Last week, Margo True, our fearless food editor, brought me a mix of Asian greens from the test garden. Evidently, our plan for growing a Japanese garden didn’t work out as planned and what I had was the odds and ends that we were able to eek out. 

When she gave them to me I was so busy finishing projects for our August issue that I didn’t have time to deal with them. Instead, I wrapped them in individual bunches in damp paper towels (keeping the labels with them so I knew what they were), set them on a tray, and covered them with a towel. I put them in the fridge to store until I could cook them the next day.

So what happened? The same thing that happens at home after I stock the fridge with fresh produce: I forgot about them. I went out of town on business and when I returned, they were wilted and ugly. I immediately felt bad that I had wasted them after all that Margo and Johanna, our test garden coordinator, had done to grow them.

I wasn’t sure what to do with them since there wasn’t enough of one thing to focus on. I decided to combine the tatsoi, mizuna, komatsuna, and green onions for a stir-fry mix.

Luckily, leafy greens that have almost reached the expiration point can still be used. First, I picked off all the yellow or dried up leaves and set them aside. Then I picked the remaining leaves from the stems and soaked them in cold water for 5 minutes to both clean them and to let the greens soak up water, helping them to recrisp. I did this three times to help get all the dirt off and refreshen them. I drained them and they looked as if they had been brought back to life.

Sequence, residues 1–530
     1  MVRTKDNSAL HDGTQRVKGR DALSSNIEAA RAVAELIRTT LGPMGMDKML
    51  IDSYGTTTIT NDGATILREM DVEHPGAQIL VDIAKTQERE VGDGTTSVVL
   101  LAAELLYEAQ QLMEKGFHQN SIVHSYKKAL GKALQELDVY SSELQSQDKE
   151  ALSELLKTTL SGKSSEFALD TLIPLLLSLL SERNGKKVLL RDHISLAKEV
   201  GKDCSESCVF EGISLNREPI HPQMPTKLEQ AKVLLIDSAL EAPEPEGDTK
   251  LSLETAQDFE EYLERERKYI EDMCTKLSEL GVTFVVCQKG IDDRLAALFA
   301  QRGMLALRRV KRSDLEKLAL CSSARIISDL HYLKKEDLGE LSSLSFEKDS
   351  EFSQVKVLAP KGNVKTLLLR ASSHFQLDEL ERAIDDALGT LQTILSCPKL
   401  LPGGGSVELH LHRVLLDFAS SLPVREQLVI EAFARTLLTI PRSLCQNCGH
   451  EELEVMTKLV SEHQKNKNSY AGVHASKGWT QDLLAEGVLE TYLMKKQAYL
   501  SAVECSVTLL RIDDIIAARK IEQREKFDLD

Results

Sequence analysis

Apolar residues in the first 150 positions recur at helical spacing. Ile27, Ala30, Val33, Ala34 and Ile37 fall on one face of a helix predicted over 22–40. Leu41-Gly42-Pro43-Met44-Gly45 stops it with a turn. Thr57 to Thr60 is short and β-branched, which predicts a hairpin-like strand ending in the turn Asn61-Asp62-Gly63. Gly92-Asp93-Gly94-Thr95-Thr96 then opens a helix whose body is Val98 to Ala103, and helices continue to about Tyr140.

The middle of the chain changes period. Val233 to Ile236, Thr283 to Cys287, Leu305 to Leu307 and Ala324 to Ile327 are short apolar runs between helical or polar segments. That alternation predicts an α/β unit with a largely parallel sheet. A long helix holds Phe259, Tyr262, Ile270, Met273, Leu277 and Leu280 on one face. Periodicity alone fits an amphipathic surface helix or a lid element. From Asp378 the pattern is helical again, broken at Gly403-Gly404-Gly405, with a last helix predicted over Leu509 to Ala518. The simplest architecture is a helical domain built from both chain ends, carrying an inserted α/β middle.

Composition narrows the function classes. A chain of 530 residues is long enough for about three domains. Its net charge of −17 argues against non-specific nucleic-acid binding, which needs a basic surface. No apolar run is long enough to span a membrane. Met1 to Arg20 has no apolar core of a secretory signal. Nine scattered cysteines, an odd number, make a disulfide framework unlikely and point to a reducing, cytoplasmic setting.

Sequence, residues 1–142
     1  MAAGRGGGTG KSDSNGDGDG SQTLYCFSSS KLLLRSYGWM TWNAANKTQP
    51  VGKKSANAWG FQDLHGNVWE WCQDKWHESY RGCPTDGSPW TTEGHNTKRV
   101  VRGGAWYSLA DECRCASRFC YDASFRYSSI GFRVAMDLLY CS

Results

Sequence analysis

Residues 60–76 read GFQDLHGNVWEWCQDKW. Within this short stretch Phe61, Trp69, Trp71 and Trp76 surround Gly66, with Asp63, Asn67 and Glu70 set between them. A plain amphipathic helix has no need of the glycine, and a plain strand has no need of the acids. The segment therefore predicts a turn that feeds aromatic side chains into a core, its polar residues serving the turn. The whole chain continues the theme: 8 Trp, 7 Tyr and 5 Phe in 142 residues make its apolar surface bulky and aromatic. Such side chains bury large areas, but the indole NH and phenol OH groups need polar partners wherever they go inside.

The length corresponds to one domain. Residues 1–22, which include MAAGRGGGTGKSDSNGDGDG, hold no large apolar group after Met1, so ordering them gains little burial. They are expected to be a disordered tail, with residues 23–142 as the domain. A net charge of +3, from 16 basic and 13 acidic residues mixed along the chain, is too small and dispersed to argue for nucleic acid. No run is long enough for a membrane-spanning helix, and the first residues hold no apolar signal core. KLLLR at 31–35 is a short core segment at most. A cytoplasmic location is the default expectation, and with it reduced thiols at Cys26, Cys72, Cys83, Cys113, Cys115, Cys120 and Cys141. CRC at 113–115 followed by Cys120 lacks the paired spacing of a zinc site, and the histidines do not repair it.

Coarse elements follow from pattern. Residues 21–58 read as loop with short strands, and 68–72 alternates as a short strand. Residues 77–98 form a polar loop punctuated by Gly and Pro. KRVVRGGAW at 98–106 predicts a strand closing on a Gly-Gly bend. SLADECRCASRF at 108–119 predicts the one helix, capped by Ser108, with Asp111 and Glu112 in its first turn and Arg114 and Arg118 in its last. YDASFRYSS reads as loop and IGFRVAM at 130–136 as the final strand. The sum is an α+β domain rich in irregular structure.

I heated up the wok with a bit of vegetable oil and tossed in the greens with slices of garlic, red chile flakes, and a bit of soy sauce. After stirring them for a minute of two, they cooked down and the garlic toasted.

They were delicious and exactly like a side of greens you might get at a Chinese restaurant.


And those yellow leaves and remaining stems? The chickens were very happy to call them lunch.



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